The Saudi government, which normally restricts public protest, is giving Saudis freer rein to express their anger at the United States and Israel for the Israeli offensive against the Palestinians.

As public protest flourishes in street demonstrations, newspapers and Web sites, some analysts say the easing up is a pre-emptive attempt by the government to steer militants away from more radical, underground groups.

Since the Israeli military offensive began in the West Bank two weeks ago, two large pro-Palestinian demonstrations have been allowed despite a ban on such gatherings. A third is planned for Friday in Buraida, one of the kingdom's fundamentalist strongholds.

A government-appointed clergyman recently eulogized Palestinian suicide bombers on government-run Saudi TV, while Ahmad al-Tuwaijri, a member of the unelected Consultative Council, has called for the expulsion of U.S. ambassadors from all Muslim cities.

Some mosques have been making invocations at the end of the dawn and evening prayers for the destruction of the United States, something very few mosques could do during the U.S. war in Afghanistan.

"We're amazed at what's going on," said Mohsen al-Awajy, a conservative Islamist jailed four years in the 1990s for pushing for reforms. "We never dreamed anything like this could happen."

Observers say the government's eased policies are a direct result of the Sept. 11 attacks, which Washington says were carried out by 19 hijackers, 15 of them Saudi, and masterminded by Saudi dissident Usama bin Laden.

The participation of so many Saudis came as a shock to the government, as did the possible role of "underground" clergymen in spreading the kind of fundamentalist ideas espoused by bin Laden.

The government maintains control over the religious establishment, especially the clergymen, whom it appoints and guides in terms of what lines they cannot cross in their sermons.

Weeding out the unlicensed clergymen is a more urgent task at a time when Saudis are boiling with rage over Palestinian deaths and what they see as the indifference of President Bush to the plight of Arabs.

Analysts say the Saudi government realized a few months after the Sept. 11 attacks that the only way to undermine radical clerics was to allow people like al-Awajy to resurface. He, and many other former Islamist prisoners, enjoy more credibility among the youth than the government-appointed clerics.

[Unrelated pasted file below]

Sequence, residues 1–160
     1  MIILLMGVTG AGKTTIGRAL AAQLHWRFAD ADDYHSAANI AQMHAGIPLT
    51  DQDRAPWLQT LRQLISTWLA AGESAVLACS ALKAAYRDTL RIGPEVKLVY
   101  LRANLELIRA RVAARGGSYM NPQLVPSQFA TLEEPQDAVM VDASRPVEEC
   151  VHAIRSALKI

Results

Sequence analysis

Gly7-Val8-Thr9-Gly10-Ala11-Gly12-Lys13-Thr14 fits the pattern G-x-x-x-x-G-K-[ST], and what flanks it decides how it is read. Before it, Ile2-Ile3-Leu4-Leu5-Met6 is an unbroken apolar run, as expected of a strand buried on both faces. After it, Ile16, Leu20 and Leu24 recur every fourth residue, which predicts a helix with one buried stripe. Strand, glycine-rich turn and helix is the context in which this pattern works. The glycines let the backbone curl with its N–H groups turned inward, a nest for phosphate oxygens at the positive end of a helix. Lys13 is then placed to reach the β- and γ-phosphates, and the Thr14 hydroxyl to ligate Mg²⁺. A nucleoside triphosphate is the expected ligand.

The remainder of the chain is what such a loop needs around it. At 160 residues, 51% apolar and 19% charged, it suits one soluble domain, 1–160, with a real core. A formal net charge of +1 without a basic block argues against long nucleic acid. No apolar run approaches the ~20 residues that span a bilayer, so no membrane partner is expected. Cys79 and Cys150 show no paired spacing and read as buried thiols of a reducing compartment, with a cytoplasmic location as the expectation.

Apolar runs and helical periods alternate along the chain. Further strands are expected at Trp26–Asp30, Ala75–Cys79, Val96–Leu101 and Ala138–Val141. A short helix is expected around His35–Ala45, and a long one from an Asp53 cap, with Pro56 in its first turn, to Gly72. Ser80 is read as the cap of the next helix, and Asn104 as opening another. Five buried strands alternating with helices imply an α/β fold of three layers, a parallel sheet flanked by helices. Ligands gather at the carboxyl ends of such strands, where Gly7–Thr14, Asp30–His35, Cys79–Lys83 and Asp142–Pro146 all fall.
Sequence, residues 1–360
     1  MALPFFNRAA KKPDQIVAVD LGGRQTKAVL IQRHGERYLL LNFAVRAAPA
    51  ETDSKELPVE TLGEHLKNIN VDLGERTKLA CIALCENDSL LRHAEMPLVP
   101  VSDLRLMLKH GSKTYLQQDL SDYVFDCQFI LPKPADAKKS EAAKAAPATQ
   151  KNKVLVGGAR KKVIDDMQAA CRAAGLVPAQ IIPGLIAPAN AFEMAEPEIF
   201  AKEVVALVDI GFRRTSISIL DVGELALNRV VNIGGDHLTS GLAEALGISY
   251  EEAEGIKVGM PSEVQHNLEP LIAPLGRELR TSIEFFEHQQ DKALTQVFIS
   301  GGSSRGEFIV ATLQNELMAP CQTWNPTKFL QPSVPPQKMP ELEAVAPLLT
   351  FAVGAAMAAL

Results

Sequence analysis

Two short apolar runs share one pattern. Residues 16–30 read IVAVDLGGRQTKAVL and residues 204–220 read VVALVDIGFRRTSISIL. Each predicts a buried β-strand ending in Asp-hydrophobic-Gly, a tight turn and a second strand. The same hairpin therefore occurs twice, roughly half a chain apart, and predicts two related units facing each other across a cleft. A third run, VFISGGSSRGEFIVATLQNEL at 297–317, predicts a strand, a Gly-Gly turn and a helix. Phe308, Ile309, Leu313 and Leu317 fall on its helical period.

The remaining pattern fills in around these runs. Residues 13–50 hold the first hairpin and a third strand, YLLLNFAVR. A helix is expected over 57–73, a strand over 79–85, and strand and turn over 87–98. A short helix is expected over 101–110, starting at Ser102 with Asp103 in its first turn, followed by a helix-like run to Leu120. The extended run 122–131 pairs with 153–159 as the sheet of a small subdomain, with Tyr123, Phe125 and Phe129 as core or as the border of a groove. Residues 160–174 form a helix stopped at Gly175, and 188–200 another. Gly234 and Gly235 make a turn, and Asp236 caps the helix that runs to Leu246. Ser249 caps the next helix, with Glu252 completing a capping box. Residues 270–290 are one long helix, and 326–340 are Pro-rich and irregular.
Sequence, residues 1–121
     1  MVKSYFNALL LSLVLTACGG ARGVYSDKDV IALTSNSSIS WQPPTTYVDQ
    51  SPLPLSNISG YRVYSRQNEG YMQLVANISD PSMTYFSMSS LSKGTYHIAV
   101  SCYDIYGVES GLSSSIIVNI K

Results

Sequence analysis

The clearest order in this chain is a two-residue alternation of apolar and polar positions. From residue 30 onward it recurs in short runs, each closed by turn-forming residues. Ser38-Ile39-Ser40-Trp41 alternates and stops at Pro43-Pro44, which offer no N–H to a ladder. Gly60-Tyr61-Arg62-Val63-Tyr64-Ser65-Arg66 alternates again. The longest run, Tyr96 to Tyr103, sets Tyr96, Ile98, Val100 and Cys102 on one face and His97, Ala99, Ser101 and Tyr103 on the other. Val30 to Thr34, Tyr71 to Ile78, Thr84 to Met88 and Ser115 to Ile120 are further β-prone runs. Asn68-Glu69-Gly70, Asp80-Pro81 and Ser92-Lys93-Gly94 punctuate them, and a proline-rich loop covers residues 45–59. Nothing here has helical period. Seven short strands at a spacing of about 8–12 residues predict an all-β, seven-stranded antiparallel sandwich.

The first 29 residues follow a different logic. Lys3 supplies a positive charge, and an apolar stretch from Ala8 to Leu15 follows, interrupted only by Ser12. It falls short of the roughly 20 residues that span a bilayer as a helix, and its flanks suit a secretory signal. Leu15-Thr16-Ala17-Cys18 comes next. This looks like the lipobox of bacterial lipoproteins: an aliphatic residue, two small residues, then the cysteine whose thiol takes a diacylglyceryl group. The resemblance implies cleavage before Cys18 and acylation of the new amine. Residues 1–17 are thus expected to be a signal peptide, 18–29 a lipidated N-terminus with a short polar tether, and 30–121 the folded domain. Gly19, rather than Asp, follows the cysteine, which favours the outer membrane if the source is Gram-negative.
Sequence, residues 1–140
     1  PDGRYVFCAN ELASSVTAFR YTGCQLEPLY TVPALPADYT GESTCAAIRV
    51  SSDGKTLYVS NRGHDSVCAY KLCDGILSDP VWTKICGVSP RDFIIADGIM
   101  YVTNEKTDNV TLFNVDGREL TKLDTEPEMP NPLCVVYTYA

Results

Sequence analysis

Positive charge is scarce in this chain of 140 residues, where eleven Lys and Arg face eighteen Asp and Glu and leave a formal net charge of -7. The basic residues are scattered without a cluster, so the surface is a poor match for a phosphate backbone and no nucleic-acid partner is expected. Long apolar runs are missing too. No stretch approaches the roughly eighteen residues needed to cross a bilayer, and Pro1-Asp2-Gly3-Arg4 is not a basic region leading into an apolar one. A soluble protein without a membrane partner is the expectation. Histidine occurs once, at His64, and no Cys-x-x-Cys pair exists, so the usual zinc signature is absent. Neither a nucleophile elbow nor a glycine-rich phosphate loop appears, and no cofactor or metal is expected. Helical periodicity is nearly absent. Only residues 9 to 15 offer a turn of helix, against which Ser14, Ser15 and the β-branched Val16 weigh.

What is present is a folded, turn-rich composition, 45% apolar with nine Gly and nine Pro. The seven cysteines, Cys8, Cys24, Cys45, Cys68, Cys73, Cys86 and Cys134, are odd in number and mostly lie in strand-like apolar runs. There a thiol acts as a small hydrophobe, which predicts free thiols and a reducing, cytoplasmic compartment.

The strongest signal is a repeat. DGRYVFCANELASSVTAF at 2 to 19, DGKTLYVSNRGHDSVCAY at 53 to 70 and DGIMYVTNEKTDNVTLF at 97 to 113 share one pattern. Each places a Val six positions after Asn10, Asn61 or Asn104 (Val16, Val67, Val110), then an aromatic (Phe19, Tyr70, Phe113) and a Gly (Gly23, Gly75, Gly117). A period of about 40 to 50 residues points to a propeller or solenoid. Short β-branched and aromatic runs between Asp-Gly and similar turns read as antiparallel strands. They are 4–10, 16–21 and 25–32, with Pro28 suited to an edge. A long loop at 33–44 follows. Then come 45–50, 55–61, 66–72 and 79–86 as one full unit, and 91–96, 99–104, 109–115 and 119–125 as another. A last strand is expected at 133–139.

Suddenly, al-Awajy and other Islamist figures began appearing on satellite television, writing in local papers and maintaining Web sites, answering questions about jihad, or holy war, and the Israeli incursion into Palestinian areas.

Despite their conservative views, the advice they dispense is short of bin Laden's militant, extremist ideology.

For instance, during the height of the U.S. assault on Al Qaeda, a Saudi viewer called the Saudi-owned MBC satellite television to ask one of those clerics, Sheik Ayed al-Qarni, if it was proper to avenge the death of Afghans by targeting Americans in Saudi Arabia.

"No," Al-Qarni told him, since those Americans had nothing to do with what their government is doing.

Al-Awajy said many young men ask his view on suicide bombings against U.S. targets in Saudi Arabia and the region to avenge Palestinian deaths. "I tell them, 'Don't do it. Targeting Western and American interests in the area would have negative consequences on us."'

Jamal Khashoggi, deputy editor-in-chief of the Saudi daily Arab News, said the government needs such clerics "to spread some kind of moderation."

"The youths were listening to only two kinds of sheiks: the government sheiks and the underground ones who are out of control," he said. Awaji and the others, Khashoggi said, are critical of the United States and the government, "but they are not radical."

Al-Awajy said he and other Islamic figures are taking advantage of the more tolerant atmosphere to slowly move toward their goal for more reforms, such as the election instead of appointment of Saudi Arabia's Consultative Council and oversight over public funds.

"This is our season, and it's all Bush's doing," he said.